Some people do living history—reviving older skills and material culture by reenacting Waterloo or knapping flint knives. One pleasant rainy weekend in 2012, I set my sights a little more recently and settled in for a little meditative retro-computing, circa 1962, following the ancient mode of transmission of knowledge: lecture and recitation—or rather, grace of living in historical times, lecture (here, in the French sense, reading) and transcription (or even more specifically, grace of living post-Post, lecture and reimplementation).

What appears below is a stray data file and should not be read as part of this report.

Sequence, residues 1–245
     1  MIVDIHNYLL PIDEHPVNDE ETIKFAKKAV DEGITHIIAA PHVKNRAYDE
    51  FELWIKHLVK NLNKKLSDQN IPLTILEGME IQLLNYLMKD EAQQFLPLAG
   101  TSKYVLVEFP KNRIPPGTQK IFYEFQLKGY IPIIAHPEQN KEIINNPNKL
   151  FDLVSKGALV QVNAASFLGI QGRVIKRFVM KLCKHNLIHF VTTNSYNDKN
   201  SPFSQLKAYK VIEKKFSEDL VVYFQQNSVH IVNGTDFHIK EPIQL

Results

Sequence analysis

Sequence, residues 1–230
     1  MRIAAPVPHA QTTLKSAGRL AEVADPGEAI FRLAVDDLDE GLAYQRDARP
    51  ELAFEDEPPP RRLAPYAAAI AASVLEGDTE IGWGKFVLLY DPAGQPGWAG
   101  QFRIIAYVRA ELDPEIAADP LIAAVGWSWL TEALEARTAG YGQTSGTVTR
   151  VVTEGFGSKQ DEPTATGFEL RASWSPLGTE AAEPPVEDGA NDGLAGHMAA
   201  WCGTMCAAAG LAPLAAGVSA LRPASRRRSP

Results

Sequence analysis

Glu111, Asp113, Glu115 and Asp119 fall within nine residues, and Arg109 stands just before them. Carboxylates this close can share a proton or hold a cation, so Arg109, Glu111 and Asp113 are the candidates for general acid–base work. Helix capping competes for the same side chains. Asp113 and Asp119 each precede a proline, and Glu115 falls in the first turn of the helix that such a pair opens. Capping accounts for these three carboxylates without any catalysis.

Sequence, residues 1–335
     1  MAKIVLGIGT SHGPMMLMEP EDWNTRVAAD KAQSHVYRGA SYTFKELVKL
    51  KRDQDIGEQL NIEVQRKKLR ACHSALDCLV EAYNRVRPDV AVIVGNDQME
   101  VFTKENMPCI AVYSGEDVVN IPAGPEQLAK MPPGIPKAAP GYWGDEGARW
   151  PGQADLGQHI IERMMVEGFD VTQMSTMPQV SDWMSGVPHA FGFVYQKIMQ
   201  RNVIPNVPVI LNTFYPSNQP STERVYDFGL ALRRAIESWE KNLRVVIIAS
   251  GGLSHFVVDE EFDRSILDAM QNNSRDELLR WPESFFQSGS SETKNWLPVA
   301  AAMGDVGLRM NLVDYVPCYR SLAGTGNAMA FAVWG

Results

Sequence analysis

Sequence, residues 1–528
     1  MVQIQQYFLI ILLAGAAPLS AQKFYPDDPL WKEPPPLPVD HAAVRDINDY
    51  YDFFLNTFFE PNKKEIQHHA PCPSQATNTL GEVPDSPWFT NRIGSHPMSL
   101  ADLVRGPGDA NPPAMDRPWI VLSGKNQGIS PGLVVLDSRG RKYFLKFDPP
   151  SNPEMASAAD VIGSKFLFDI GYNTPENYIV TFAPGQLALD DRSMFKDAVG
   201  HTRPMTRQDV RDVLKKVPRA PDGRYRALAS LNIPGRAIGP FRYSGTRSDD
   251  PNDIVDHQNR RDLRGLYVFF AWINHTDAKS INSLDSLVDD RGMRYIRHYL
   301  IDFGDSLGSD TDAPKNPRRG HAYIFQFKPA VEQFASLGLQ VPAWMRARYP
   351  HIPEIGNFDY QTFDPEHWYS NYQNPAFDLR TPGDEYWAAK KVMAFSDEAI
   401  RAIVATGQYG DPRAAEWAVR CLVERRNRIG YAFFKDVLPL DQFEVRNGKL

Fortunately, for my purposes, Dewey Val Schorre's paper10 on META II was, unlike many more recent digital artifacts, readily available as a digital scan.
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